Rocket ships have been a favourite childhood toy for generations. They ignite the imagination, whether they are big enough for the child to crawl into or small enough for them to fly through space with their hands. Designing and making their own rocket ships from cardboard, with your help, is a great lesson in math, design and art. The result is a durable toy that can be played with for hours of fun.
Large rocket ship
Open a large rectangular cardboard box so it is flat with four sides, leaving the seam that held the box together intact. Use a craft knife to remove the top flaps. The cardboard piece should have four large rectangular panels, with smaller rectangular flaps on the bottom and a narrow seam of cardboard along one long edge.
Use a metre rule to find the centre of the top of each large rectangular section. Mark the centre of each with a pencil. Use the rule to help draw diagonal lines from the centre marks to the sides of each panel, making points. Use a craft knife to cut along these lines on the first and third panels.
Draw diagonal lines 5 cm (2 inches) from the point lines on the second and fourth panels, making points with blunted tips. Cut along these lines with a craft knife. Cut halfway through the original lines on the back of the cardboard, scoring them. Fold the cardboard back at the scored lines. Score across the bottoms of each pair of diagonal lines on the inside of the box so that the points can be folded inward later, forming the roof of the rocket ship.
Decorate the box so that it resembles a rocket ship. Cut windows and a door with the craft knife. Use paint or markers to draw symbols, colour in the box or decorate it as desired.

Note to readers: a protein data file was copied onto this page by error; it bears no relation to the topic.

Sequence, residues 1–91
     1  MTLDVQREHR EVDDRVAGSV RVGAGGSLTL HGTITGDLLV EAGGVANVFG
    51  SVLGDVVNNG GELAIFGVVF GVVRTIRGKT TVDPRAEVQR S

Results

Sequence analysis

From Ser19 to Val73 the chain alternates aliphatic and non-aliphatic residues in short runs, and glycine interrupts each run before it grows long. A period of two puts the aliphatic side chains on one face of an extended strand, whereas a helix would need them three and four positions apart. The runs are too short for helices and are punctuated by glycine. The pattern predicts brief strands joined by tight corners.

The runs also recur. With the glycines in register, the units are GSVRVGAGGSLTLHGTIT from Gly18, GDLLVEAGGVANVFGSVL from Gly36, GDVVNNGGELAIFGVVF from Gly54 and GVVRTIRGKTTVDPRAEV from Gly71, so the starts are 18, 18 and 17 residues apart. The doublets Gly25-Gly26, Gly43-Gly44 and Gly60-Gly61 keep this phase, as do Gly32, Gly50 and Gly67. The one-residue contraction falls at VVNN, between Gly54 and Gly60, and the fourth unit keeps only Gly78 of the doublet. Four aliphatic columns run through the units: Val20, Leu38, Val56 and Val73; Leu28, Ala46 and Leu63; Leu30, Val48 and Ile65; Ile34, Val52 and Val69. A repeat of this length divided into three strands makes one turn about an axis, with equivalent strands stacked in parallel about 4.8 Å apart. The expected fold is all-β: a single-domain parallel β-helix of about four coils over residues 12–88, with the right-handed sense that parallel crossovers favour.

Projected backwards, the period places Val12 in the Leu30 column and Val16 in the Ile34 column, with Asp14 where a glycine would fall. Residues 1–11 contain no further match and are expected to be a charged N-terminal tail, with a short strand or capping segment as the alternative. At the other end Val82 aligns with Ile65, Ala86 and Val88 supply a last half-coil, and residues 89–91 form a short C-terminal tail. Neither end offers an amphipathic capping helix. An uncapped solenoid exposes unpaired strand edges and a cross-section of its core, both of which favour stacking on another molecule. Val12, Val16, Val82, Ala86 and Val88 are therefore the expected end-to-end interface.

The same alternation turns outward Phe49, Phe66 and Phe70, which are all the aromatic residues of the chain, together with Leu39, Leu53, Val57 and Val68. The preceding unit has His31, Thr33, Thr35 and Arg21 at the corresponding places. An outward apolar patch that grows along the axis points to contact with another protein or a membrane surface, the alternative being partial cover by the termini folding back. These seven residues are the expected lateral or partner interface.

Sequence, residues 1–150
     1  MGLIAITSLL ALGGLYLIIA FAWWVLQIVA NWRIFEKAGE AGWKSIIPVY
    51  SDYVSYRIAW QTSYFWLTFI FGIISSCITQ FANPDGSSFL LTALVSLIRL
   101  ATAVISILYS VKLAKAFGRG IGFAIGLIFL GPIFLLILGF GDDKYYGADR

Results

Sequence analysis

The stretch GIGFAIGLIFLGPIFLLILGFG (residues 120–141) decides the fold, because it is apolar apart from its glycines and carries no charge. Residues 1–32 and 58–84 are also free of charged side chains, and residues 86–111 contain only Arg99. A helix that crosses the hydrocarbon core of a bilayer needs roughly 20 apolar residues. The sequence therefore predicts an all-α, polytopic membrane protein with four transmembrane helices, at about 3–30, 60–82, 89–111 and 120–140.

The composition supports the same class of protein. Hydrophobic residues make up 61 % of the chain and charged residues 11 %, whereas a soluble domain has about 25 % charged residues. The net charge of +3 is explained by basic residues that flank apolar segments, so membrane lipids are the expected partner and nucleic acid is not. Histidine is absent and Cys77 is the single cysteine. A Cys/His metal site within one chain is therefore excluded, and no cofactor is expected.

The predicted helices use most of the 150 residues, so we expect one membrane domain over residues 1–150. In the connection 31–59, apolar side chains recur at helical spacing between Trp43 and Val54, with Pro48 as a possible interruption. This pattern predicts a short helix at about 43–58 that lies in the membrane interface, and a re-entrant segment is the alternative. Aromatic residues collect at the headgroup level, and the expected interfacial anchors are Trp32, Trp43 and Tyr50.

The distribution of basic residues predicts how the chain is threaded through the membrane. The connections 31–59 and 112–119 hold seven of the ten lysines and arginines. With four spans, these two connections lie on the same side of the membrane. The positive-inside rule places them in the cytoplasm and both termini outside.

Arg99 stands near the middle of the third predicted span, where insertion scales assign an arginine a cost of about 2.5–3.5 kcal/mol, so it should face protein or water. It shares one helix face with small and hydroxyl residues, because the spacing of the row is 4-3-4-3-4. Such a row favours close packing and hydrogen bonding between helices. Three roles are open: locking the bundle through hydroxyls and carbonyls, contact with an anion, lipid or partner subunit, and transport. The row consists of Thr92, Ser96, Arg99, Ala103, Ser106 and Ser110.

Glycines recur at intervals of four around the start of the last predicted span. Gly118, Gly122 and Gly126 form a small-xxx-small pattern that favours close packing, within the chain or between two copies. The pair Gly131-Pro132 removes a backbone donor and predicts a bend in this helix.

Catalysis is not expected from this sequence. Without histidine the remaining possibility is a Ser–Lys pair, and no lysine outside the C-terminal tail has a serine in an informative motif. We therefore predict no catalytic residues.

Refold the box so that the bottom flaps form the floor of the rocket ship. Use duct tape to secure the side seam and the bottom flaps. Fold the top points together and use duct tape to secure them. Details, such as tail fins, can be cut from additional cardboard, decorated and taped into place.
Small rocket ship
Cover the outside of an empty cardboard cylindrical container, such as a cereal box, with construction paper. Use a glue stick or hot glue to hold the paper in place.
Cut a circle of construction paper that is 2.5 cm (1 inch) larger in diameter than the top of the cylinder. Cut a straight line from the edge of the circle to its centre. Wrap the paper circle into a cone shape. The bottom of the cone should be the same diameter as the top of the cylinder. Use a glue stick to secure the cone's edges.
Cut two equally-sized triangles of construction paper with bottoms that are 2.5 cm (1 inch) longer than the diameter of the cylinder's top. Cut a slit from the top point to the centre of one triangle, and from the centre of the base to the centre of the other. Fit the slits together, forming a three-dimensional triangle.
Cut four equally-spaced slits, each 6.2 cm (2.5 inches) long, around the top of the cylinder. Turn the cylinder upside down and fit the slits over the four sides of the triangle. The edges of the triangle will show, making the rocket ship's fins. Glue the cone to the top of the rocket ship. Let your child decorate it as desired.